Special to the Opelika Observer
In the wake of the horrific tornadoes that took nearly two dozen lives in eastern Alabama last week, many Alabamians are struggling to recover, while others are looking for ways to help those who lost everything. Attorney General Steve Marshall joined Gov. Kay Ivey and local officials in Beauregard last week to survey storm damage.
Marshall urged the public to exercise caution before giving money to charities, to ensure that their money really goes to help tornado victims. He also reminded the public that Alabama’s price-gouging laws are in effect because of the state of emergency declared by Governor Ivey.
“Alabamians are blessed with an indomitable spirit of compassion to help others,” Marshall said. “Therefore, it’s not surprising that many want to contribute to their neighbors’ recovery from the recent devastating tornadoes. Sadly, criminals often seek to profit from others’ tragedies, therefore we must be vigilant in our charitable giving. Before contributing, please take steps to verify that your money will go to help storm victims and not to fund fraudsters. Know and use the resources available to check the legitimacy of charitable organizations so that your donations really do go to help those in need. And if you do suspect someone is trying to illegally solicit contributions, notify law enforcement or my office.”
Consumers may find tips for careful and wise giving at www.ftc.gov/charity. Marshall recommends that consumers take the following precautions:
Do your research
• Search the Alabama charities database on the Attorney General’s website.
• Search the charity’s name online with words like “complaint” and “scam.”
• Check out the charity’s ratings with groups like the BBB Wise Giving Alliance, Charity Navigator, and Charity Watch.
• What are the charity’s website, address, and mission?
• How much of your donation will go directly to services, rather than fundraising?
• If you wish your donation to be used for Alabama’s tornado victims, ask if the money will be spent for this in particular and not for the charity’s overall purposes.
Be careful how you pay
• If someone asks you to send them cash, wire money, donate by gift card, or leave money under your front doormat for pickup, don’t do it! That’s how scammers often ask you to pay. It’s safer to pay by credit card or check.
• If you’re donating online, check that the webpage where you enter your payment information has “https” in the web address. That means your information is transmitted securely.
• Legitimate charities will give you a receipt with the amount of your donation. Keep that record and check your credit card and bank statements to make sure you’re only charged for the donation you wanted to make.
Watch out for scammers’ tricks
• Scammers spoof caller ID to make their fundraising calls look like they are from your local area code, or from an organization you know.
• Scammers pressure you into donating immediately before you have time to do research. Reputable charities do not use coercive tactics and welcome your donation at any time.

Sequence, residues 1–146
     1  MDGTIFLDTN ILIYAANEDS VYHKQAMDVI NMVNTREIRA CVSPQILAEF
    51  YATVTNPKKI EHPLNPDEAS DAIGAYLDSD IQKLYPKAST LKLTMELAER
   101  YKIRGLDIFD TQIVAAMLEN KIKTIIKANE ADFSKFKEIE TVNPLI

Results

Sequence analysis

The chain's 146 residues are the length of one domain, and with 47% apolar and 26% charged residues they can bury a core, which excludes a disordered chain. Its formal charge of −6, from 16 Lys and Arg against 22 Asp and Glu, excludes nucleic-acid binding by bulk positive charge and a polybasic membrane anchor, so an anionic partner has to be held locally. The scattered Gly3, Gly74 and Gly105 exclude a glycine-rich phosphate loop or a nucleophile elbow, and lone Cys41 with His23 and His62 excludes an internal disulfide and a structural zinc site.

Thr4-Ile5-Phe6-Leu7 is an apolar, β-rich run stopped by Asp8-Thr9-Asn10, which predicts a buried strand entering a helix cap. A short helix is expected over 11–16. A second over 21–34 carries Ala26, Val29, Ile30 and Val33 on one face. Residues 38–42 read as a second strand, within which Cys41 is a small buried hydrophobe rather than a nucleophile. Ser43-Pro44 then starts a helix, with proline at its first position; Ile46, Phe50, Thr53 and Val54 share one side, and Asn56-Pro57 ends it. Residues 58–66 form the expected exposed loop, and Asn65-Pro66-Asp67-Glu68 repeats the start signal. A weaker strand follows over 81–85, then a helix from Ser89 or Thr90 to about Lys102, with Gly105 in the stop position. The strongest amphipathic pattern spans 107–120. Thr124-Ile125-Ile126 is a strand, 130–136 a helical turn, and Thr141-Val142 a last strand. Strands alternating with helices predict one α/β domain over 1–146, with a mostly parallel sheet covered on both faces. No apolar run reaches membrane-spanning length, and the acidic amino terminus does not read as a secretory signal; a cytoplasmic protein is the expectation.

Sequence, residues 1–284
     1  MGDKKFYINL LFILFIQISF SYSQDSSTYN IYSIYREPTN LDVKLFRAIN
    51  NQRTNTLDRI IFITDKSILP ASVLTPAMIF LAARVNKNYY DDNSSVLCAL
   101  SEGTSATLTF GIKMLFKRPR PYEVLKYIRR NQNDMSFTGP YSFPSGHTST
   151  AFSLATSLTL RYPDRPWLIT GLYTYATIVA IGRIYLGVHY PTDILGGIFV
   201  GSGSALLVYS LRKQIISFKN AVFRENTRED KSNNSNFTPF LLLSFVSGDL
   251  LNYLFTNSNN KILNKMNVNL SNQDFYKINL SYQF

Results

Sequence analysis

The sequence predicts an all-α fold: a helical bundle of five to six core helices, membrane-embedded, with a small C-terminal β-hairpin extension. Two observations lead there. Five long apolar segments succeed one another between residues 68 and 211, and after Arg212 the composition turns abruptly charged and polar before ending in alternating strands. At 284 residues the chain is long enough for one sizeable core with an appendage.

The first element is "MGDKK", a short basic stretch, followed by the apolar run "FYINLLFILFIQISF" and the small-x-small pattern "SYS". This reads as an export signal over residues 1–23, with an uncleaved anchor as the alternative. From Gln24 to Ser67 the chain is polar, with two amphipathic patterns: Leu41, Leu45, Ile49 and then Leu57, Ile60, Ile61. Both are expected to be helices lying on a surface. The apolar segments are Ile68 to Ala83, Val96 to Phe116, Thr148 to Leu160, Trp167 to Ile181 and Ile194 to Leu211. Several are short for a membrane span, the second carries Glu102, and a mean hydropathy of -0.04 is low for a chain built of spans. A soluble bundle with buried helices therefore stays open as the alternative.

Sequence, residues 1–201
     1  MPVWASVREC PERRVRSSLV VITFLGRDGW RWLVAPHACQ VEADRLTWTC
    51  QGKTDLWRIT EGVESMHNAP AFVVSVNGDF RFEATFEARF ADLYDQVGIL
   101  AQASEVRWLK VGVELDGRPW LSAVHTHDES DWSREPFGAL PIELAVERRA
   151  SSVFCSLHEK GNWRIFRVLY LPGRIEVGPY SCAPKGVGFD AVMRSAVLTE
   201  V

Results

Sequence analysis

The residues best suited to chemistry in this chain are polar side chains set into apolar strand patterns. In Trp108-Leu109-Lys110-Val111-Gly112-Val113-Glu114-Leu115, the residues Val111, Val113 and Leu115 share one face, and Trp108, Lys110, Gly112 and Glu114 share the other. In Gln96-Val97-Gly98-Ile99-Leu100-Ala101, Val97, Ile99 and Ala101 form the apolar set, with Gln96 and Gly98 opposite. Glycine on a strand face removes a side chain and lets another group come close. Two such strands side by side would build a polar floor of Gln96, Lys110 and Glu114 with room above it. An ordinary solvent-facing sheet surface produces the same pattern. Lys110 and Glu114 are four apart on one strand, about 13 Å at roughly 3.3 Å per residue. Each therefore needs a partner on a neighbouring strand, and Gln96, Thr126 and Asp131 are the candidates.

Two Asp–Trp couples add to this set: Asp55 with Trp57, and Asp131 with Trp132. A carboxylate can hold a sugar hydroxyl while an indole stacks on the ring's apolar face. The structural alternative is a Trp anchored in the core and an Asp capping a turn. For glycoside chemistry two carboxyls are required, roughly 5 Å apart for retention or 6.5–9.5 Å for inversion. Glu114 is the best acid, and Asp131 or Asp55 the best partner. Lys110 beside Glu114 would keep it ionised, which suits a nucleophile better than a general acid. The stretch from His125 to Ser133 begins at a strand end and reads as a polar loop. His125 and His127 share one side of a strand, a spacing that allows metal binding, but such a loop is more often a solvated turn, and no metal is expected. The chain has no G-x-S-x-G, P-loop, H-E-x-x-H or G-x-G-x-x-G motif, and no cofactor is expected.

• Scammers will thank you for a donation you don’t remember making. Scammers do that to trick you into thinking you actually made a pledge and to guilt you into sending money.
Donation Requests Through Social Media and Crowdfunding Sites
While many requests for donations through social media and crowdfunding sites are legitimate, some are scams. For example, there are people who misuse real pictures and stories to get you to donate, but the money goes into their own pockets. Crowdfunding sites often have little control over who uses them and how donations are spent. Research before you give.
Don’t assume that solicitations on social media or crowdfunding sites are legitimate – even when they are shared or liked by your friends. Do your own research. And call or contact your friends offline to ask them about the post they shared.
State of Emergency/Price-Gouging Laws
The governor’s recent declaration of a State of Emergency activated Alabama’s price-gouging laws. As people recover and rebuild from storms, they should be wary of those who would prey upon them through crimes such as price gouging and home-repair fraud. Although what constitutes an unconscionable price is not specifically set forth in state law, a price that is 25 percent or more above the average price charged in the same area within the last 30 days—unless the increase can be attributed to a reasonable cost—is a prima facie case of unconscionable pricing. The penalty is a fine of up to $1,000 per violation, and those found to have willfully and continuously violated this law may be prohibited from doing business in Alabama.
Consumers and officials can report concerns of alleged fraud or illegal price gouging to the Attorney General’s Consumer Interest Division by calling 1-800-392-5658, by writing to 501 Washington Ave. in Montgomery, Alabama 36130, or by visiting https://ago.alabama.gov/ConsumerComplaint.